The nickname game: all nicknames all the time

After years of hibernation due to excessive political correctness, nicknames are making a comeback in baseball. I’m not sure why that is happening; I’m just glad that it is. They’re fun, they add color to the game, and often tell us something intrinsic about the player.

Last season saw the rise in popularity of “Kung Fu Panda,” also known as Pablo Sandoval, in San Francisco. He joined teammate Tim Lincecum, the National League’s Cy Young Award winner, who doubles as “The Freak.” Then there are more established veterans like Travis Hafner (“Pronk”), David Ortiz (“Big Papi”), Ivan Rodriguez (“Pudge”) and Roy Halladay (“Doc”).

Among today’s major league set, here are some of the more descriptive and lyrical nicknames:

Ryan Braun (“The Hebrew Hammer”)
Adam Dunn (“The Big Donkey”)
Mike Cameron (“The Black Cat”)
Aaron Harang (“Zombie”)
Dan Haren (“Caveman”)
Felix Hernandez (“King Felix”)
Carlos Lee (“El Caballo”)
Hideki Matsui (“Godzilla”)
Jose Valverde (“Papa Grande”)
Shane Victorino (“The Flyin’ Hawaiian”)
Jayson Werth (“Werewolf”)
Kevin Youkilis (“The Greek God of Walks”)

Given the revival of creative and amusing nicknames, I thought it would be an appropriate time to highlight some of the best monikers in baseball history. I’ve excluded those names that carry a derogatory ethnic component, such as the all-too-frequent “Chico” for Latino ballplayers and the repetitious “Chief” for players of Native American descent. With that in mind, here is my unofficial “all-nickname” team, consisting of players now retired from our great game.

Ted “Double Duty” Radcliffe: Nicknames often reflect a player’s on-field capabilities. As with many players in the old Negro Leagues, Radcliffe needed to be versatile to accommodate the needs of a shortened roster. Although primarily a catcher, and a good one at that, Radcliffe also chipped in as a pitcher from time to time. In 1932, he participated in a Pittsburgh Crawfords doubleheader at Yankee Stadium, catching a shutout by Satchel Paige in the first game, then pitching a shutout of his own in the second game. As a result, famed sportswriter Damon Runyon dubbed the Negro Leagues standout “Double Duty,” and the nickname stuck for the rest of Radcliffe’s 103 years.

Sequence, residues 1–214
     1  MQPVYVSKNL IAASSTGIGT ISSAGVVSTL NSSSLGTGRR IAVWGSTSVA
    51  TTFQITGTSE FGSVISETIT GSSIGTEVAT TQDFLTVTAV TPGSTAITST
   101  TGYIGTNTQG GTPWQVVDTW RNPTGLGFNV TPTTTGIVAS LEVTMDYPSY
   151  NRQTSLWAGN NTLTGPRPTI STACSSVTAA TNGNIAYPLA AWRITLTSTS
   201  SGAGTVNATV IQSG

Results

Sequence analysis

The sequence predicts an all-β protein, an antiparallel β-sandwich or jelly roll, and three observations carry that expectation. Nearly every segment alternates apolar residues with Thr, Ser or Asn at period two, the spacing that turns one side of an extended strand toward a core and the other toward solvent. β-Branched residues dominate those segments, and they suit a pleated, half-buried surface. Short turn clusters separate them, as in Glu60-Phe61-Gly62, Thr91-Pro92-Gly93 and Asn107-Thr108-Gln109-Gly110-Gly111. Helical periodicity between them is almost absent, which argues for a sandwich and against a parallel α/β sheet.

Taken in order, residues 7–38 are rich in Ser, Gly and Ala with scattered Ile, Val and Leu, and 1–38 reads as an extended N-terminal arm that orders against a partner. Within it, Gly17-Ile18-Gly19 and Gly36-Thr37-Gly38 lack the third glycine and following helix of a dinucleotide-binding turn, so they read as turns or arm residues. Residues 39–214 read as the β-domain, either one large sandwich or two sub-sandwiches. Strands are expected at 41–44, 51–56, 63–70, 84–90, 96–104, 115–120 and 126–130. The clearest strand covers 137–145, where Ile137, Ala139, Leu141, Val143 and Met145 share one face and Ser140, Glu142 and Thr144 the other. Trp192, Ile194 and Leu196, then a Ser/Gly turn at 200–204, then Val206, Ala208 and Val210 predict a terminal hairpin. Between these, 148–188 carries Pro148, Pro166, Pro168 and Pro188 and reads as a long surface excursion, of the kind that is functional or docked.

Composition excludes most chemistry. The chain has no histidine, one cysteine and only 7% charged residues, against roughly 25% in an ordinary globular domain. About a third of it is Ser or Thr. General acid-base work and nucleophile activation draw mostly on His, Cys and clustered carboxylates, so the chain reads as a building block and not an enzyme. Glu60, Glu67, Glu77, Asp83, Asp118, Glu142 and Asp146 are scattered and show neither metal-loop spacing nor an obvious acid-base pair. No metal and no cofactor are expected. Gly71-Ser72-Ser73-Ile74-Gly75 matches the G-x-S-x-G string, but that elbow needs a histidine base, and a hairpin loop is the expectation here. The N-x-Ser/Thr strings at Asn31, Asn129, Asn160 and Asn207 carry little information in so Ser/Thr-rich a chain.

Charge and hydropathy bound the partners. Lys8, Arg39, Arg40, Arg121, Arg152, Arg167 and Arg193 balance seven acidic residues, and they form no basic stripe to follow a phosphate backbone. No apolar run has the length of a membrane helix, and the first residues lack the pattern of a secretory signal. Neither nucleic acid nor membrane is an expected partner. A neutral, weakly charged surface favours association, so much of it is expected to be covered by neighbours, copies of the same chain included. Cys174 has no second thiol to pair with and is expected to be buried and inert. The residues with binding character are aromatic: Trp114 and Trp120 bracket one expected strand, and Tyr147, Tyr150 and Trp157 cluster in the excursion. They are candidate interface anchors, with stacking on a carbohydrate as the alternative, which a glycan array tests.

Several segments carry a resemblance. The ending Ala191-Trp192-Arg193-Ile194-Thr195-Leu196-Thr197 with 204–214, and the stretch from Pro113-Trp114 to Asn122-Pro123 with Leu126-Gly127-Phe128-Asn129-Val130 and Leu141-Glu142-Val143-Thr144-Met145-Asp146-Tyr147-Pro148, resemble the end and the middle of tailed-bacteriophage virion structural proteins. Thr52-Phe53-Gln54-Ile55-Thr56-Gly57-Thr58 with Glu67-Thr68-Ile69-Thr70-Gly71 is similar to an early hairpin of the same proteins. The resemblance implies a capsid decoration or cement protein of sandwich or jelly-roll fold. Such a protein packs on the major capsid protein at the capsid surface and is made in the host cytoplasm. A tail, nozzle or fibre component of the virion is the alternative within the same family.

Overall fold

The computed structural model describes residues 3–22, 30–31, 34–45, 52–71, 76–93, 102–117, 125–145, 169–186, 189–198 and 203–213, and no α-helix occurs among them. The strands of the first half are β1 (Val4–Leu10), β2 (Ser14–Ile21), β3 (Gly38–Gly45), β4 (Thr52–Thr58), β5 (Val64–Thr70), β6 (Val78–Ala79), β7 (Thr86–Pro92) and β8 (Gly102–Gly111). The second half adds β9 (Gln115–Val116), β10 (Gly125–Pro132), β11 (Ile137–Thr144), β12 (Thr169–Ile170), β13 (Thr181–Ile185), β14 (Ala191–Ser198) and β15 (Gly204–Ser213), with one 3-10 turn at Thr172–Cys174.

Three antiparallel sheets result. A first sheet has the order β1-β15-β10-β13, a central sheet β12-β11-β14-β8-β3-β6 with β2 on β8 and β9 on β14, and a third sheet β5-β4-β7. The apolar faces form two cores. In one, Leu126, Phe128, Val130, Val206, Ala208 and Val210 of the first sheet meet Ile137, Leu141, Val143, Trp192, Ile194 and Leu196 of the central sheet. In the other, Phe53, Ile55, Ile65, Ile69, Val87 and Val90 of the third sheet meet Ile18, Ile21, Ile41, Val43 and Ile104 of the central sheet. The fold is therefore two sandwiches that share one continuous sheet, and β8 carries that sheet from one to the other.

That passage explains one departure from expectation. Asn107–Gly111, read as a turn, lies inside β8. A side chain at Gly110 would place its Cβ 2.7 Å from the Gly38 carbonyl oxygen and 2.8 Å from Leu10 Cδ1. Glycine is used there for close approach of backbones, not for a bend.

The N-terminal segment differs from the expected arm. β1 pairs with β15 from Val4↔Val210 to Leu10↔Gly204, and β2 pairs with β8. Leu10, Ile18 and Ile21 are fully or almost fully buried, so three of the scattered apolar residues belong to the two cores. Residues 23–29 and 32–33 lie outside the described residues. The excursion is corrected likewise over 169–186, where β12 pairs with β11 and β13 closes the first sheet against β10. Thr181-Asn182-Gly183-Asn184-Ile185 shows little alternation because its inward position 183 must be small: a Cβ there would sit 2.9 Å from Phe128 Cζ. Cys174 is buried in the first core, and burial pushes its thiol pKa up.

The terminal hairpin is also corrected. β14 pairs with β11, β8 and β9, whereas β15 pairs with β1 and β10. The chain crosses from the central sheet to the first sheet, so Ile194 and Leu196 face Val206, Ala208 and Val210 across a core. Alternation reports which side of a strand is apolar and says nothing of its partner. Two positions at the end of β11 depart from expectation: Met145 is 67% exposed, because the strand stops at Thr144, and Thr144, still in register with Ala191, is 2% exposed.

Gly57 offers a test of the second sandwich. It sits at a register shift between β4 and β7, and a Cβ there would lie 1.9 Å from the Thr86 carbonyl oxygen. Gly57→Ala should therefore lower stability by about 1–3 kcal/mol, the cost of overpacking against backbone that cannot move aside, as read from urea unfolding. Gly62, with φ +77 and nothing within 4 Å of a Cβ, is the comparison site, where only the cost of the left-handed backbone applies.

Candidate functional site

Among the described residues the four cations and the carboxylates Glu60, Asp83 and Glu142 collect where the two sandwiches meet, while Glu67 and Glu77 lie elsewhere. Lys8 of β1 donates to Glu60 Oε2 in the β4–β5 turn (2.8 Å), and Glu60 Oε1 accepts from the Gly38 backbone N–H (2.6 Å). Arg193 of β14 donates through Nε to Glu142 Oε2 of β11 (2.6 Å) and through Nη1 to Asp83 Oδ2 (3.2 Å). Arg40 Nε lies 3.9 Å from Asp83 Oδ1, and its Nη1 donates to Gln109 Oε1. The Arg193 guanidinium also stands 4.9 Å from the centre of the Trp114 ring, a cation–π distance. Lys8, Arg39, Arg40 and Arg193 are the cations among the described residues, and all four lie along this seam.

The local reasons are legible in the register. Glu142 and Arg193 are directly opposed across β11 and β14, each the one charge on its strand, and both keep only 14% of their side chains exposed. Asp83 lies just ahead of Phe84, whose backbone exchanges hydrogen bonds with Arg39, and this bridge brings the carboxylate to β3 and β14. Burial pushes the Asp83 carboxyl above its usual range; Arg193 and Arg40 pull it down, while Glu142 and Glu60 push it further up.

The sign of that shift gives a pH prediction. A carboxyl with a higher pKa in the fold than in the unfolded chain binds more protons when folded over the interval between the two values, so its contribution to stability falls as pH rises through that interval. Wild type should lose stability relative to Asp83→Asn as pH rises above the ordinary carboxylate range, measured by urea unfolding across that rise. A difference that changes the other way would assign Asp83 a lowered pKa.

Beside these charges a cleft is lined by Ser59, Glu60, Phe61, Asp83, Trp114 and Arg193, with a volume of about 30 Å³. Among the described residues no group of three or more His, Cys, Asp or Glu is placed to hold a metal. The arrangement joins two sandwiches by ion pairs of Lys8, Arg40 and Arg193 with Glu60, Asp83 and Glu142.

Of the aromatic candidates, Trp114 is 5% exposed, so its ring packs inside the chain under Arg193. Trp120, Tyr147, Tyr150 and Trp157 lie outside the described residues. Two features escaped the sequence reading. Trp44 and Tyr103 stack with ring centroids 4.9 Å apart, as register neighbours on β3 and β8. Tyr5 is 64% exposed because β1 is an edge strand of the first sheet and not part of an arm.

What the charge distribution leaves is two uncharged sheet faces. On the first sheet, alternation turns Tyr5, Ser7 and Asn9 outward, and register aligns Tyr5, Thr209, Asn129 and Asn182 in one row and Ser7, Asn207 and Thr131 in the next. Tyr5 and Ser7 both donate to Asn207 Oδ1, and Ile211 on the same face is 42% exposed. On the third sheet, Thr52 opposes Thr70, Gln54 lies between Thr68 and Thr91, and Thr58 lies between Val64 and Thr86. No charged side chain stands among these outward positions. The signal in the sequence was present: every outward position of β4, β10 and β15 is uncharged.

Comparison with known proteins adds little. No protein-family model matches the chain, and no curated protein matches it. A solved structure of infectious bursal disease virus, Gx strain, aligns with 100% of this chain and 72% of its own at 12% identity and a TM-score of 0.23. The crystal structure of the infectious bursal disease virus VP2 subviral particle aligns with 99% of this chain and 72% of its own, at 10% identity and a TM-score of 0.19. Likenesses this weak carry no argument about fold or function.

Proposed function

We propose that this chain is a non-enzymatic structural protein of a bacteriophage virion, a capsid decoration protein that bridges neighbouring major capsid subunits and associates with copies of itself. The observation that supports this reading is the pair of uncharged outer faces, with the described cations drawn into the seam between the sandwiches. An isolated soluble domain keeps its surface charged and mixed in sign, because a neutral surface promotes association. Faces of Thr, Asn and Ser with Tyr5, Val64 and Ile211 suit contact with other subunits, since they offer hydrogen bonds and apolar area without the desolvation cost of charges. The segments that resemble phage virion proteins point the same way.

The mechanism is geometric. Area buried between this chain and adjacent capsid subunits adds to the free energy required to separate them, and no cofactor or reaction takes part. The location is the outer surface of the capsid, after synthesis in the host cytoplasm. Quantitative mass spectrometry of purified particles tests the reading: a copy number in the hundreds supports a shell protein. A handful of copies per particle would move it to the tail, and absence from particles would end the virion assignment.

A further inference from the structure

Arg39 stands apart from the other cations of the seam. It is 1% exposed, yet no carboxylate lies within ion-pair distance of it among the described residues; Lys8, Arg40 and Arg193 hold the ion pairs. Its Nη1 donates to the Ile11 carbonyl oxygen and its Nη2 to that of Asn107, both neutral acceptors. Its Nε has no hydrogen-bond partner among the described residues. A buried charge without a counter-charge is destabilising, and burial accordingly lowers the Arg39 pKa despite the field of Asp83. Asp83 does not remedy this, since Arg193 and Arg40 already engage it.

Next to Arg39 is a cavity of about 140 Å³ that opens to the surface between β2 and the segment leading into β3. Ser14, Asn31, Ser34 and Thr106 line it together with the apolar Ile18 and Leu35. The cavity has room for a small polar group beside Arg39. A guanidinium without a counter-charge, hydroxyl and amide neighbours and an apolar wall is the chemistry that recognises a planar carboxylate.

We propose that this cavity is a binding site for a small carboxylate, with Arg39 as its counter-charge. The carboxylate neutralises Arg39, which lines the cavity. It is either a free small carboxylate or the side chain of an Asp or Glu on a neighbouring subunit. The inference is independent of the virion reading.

First base:

Lou Gehrig “The Iron Horse:” This nickname, which carries a certain regality, became an homage to Gehrig as he set the seemingly unbreakable record for games played. The phrase was not original, however; it was the nickname that Native Americans gave to the steam locomotives of the 1880s. The power, strength, and durability of the locomotive trains greatly impressed Native Americans, and the media transferred the same nickname to Gehrig, whose own levels of brute force and endurance made him one of the game’s elite. More than seven decades after Gehrig made his famed farewell speech at Yankee Stadium, the nickname still fits Lou perfectly.

Second base:
Johnny “The Crab” Evers: The Hall of Fame infielder was given the name by sportswriter Charley Dreyden, who noticed the crablike way Evers held the ball before releasing it. But the name eventually took on a different connotation because of Evers’ combative disposition, a characteristic noticed by Cubs teammates, opponents and National League officials. Because of his long-running feud with shortstop Joe Tinker, most people now associate the temperamental Evers with the less-than-flattering label.


Bob “Death to Flying Things” Ferguson: This one is a true favorite in my private pantheon of all-time nicknames. A 19th century shortstop, Ferguson was considered a sure-anded fielder. Because of the nickname, many have assumed that Ferguson was particularly skilled at catching pop-ups and fly balls, but there is no evidence of this supposition. As James K. Skipper pointed out in his entertaining book, Baseball Nicknames, it’s just as reasonable to assume that Ferguson was adept at handling a fly swatter! Either way, this ranks as one of the most creative and descriptive nicknames of any baseball century.

Third base: